• I mistakenly thought that zip(dx, dy) would be a line. Instead you may want the algorithm to be 'more square', which would be:

for ax in dx:
for ay in dy:
(x + ax, y + ay)


# sim

Using the changes from above you can change the for loop with ease. However to make things easier to read you may want to make (x + ax, y + ay) for ax, ay in zip(dx, dy) a function.

def new_coords(x, y):
return ((x + ax, y + ay) for ax, ay in zip(dx, dy))

for item in ((nx, ny) for (nx, ny) in new_coords(x, y)
if is_ng_alive(nx, ny, original_set)):


# print_cell_set

This is very bad on performance, instead you would want to build a string, and then limit prints. You can do this with another list comprehension, a turnery and str.join.

for x in range(-x_size, x_size):
print ''.join('*' if (x, y) in cell_set else '.' for y in range(-y_size, y_size))


Overall you have nice code, you just missed a few things to improve clarity.

And I got:

__author__ = 'Sayakiss'

DX = [0, 0, 1, -1, 1, -1, 1, -1]
DY = [1, -1, 0, 0, -1, 1, 1, -1]

def new_coords(x, y):
return ((x + ax, y + ay) for ax, ay in zip(DX, DY))

def is_ng_alive(x, y, original_set):
cnt = sum((nx, ny) in original_set for nx, ny in new_coords(x, y))
if cnt == 3:
return True

return (x, y) in original_set and cnt == 2

def sim(original_set):
new_set = set()
for (x, y) in original_set:
for item in ((nx, ny) for (nx, ny) in new_coords(x, y)
if is_ng_alive(nx, ny, original_set)):
if is_ng_alive(x, y, original_set):
return new_set

def print_cell_set(cell_set, x_size=10, y_size=10):
for x in range(-x_size, x_size):
print ''.join('*' if (x, y) in cell_set else '.' for y in range(-y_size, y_size))

def generate_cells(cell_set, generations=1500):
for i in range(1, generations + 1):
cell_set = sim(cell_set)
print "{} generation population: {}".format(i, len(cell_set))
yield len(cell_set), i

cell_set = {(0, 1), (0, 2), (1, 0), (1, 1), (2, 1)}
print "{1}-{0}".format(*max(generate_cells(cell_set)))


Terminologies I used here may not be right, and sorry for possible poor expression.

A different evolution scheme could be used instead.
As is implied by the rules, A cell with no neighbors alive dies in the next generation. Who cares about people left alone?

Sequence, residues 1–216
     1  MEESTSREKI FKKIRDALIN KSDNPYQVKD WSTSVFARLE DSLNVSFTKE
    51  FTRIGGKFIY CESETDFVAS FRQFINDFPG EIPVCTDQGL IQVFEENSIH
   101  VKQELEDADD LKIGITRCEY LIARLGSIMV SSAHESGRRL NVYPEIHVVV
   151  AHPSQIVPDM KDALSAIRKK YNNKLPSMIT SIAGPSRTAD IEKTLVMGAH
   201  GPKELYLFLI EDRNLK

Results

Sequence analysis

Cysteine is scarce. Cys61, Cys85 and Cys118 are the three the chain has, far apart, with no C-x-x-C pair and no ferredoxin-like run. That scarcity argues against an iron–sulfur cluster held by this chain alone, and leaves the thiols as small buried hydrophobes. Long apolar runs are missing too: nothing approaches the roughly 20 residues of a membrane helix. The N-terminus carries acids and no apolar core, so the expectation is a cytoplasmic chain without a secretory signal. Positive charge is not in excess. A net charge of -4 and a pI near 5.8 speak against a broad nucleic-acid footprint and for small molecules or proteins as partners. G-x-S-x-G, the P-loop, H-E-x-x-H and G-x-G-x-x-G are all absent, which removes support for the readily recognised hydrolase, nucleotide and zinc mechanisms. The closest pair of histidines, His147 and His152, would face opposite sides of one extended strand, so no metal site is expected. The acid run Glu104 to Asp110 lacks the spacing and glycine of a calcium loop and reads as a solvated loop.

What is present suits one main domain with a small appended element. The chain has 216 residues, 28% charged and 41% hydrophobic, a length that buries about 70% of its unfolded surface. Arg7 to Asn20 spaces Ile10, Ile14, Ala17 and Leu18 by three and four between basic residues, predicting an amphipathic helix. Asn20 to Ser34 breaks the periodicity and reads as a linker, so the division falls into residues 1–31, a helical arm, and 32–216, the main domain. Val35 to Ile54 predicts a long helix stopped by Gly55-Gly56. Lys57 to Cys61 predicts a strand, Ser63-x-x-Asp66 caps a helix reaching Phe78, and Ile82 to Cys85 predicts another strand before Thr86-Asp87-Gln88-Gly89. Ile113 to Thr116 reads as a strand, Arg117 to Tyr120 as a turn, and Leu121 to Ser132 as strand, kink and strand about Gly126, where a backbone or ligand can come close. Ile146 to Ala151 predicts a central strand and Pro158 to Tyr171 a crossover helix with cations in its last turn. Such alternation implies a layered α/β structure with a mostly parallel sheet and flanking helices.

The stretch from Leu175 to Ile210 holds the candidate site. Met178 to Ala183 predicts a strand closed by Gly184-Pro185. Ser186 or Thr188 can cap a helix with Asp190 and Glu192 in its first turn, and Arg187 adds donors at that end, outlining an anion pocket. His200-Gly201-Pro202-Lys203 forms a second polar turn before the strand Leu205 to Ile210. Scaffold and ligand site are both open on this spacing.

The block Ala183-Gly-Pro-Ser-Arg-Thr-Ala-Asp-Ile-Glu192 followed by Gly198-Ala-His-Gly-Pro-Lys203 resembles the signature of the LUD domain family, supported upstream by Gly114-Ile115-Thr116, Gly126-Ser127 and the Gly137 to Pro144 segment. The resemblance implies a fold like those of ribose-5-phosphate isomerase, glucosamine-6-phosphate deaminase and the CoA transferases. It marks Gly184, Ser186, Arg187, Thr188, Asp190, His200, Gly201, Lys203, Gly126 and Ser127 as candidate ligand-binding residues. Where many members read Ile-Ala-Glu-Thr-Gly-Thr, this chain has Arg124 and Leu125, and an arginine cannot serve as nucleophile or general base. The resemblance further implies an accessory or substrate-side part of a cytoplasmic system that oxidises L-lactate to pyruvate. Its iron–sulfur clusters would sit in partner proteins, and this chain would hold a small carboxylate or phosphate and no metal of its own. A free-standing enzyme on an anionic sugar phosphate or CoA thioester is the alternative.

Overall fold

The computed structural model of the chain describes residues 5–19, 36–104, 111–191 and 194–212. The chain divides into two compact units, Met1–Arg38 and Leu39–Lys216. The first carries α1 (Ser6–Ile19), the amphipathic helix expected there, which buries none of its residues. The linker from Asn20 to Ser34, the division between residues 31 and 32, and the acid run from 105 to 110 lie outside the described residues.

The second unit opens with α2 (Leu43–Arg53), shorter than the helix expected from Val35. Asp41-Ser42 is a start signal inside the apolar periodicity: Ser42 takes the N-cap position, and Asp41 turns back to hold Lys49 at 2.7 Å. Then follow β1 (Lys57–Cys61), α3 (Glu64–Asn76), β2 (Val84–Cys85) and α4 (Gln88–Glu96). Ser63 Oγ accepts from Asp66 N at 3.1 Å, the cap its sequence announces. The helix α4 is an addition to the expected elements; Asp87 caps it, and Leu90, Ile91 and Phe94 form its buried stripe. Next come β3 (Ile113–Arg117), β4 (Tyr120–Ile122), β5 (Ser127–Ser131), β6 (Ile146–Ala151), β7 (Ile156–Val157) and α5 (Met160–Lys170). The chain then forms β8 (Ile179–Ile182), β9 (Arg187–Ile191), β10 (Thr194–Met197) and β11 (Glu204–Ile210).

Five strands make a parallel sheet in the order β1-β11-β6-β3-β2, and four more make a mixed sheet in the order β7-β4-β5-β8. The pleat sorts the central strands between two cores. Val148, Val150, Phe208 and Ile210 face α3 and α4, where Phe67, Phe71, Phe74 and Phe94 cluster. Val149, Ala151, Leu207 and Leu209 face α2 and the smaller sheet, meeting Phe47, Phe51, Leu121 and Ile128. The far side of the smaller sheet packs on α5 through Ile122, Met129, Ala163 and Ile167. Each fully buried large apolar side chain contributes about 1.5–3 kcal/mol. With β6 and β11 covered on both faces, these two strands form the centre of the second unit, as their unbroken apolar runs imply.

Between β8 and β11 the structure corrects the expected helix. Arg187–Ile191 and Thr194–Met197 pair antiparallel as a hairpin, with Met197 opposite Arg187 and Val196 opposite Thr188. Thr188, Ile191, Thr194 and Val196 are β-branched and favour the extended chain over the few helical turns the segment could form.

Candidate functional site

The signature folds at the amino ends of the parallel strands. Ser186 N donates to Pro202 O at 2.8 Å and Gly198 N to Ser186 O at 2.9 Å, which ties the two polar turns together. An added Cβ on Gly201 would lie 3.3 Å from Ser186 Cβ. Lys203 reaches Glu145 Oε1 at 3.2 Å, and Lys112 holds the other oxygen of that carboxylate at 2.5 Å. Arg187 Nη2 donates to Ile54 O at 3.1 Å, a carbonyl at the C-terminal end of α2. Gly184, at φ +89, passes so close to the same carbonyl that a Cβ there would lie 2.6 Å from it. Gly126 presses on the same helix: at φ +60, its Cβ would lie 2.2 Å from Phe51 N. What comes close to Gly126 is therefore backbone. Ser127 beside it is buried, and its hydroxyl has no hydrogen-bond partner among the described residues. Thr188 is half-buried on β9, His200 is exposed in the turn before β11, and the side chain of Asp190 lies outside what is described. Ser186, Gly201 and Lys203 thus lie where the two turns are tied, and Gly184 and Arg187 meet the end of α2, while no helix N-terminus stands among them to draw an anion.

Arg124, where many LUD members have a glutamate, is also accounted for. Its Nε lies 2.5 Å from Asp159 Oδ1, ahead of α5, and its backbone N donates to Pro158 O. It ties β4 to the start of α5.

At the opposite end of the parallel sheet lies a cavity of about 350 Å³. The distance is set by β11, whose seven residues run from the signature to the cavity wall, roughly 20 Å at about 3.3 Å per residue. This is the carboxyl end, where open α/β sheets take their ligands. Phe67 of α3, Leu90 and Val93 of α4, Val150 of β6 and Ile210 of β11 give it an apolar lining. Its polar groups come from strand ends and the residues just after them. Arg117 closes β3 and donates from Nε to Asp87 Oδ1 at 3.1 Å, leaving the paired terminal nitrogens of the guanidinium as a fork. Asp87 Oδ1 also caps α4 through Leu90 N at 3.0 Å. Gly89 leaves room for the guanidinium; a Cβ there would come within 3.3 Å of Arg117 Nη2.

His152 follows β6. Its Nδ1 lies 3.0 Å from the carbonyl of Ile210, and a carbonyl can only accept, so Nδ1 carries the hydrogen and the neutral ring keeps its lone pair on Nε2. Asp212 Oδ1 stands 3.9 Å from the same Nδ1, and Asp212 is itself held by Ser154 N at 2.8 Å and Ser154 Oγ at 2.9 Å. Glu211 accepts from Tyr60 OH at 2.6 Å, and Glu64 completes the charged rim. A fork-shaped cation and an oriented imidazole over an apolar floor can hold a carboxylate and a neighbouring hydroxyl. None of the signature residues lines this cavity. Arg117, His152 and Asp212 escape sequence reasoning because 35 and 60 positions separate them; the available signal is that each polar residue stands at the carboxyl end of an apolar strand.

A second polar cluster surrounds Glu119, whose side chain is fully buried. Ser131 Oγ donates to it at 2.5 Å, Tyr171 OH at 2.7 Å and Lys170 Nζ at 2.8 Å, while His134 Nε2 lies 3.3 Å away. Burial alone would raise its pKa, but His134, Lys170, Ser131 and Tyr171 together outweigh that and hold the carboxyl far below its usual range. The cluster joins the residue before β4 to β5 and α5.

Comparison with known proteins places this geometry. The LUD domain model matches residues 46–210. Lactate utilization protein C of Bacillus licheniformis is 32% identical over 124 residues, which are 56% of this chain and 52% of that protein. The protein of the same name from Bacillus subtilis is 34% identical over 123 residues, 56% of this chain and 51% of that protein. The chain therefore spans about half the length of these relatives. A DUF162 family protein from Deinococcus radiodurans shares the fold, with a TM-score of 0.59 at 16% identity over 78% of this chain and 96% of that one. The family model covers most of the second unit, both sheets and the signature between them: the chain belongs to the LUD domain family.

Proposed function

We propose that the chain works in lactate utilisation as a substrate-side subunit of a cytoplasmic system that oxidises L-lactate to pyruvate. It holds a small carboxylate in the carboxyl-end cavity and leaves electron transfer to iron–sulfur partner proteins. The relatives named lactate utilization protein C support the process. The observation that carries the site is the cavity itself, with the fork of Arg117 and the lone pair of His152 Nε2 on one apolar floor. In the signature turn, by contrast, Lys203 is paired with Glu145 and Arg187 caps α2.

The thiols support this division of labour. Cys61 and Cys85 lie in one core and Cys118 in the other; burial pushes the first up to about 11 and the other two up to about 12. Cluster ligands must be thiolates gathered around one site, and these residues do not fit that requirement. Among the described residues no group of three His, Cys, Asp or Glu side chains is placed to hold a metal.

• Traversing alive cells once, add the contribution to its neighborhood for each cell.
• Then we got cells that have alive neighbors.
• Apply survival test on them to execute the evolution.

This way we can avoid duplicate computations for dead bits that have multiple neighbors alive (and slightly simplify the code).

• As is supposed by Joe Wallis, dx and dy can be replaced by [(-1, -1), ..., (1, 1)]. BTW, assignments for nx and ny can be modified as nx, ny= x + dx[i], y + dy[i] . (If you are not familiar with this, see Sequence Unpacking in python.
• The enumerating neighbors operation should be wrapped as a function.
• Keyword elif could be used instead of nested else-if.

Here is my solution without the visualization part (Ignore naming issues, please):

from collections import Counter

def neighbor(x, y):
N = [(-1, -1), (0, -1), (1, -1), (-1, 0), (1, 0), (-1, 1), (0, 1), (1, 1)]
return [(x+i, y+j) for (i, j) in N]

def evolve(c, heat, life):
if heat in (2, 3) and c in life:
return True
elif heat == 3 and c not in life:
return True
return False

def evolution(life):
heats = Counter()
for (x, y) in life:
for cell in neighbor(x, y):
heats[cell] += 1
return {cell for (cell, heat) in heats.items() if evolve(cell, heat, life)}

life = {(0, 0), (0, 1), (0, -1), (-1, 0), (1, 1)}
history = []
for _ in range(1200):
history.append(len(life))
life = evolution(life)

prosperity = max(history)
print("Maximum population %s achieved at generation %s"\
% (prosperity, history.index(prosperity)))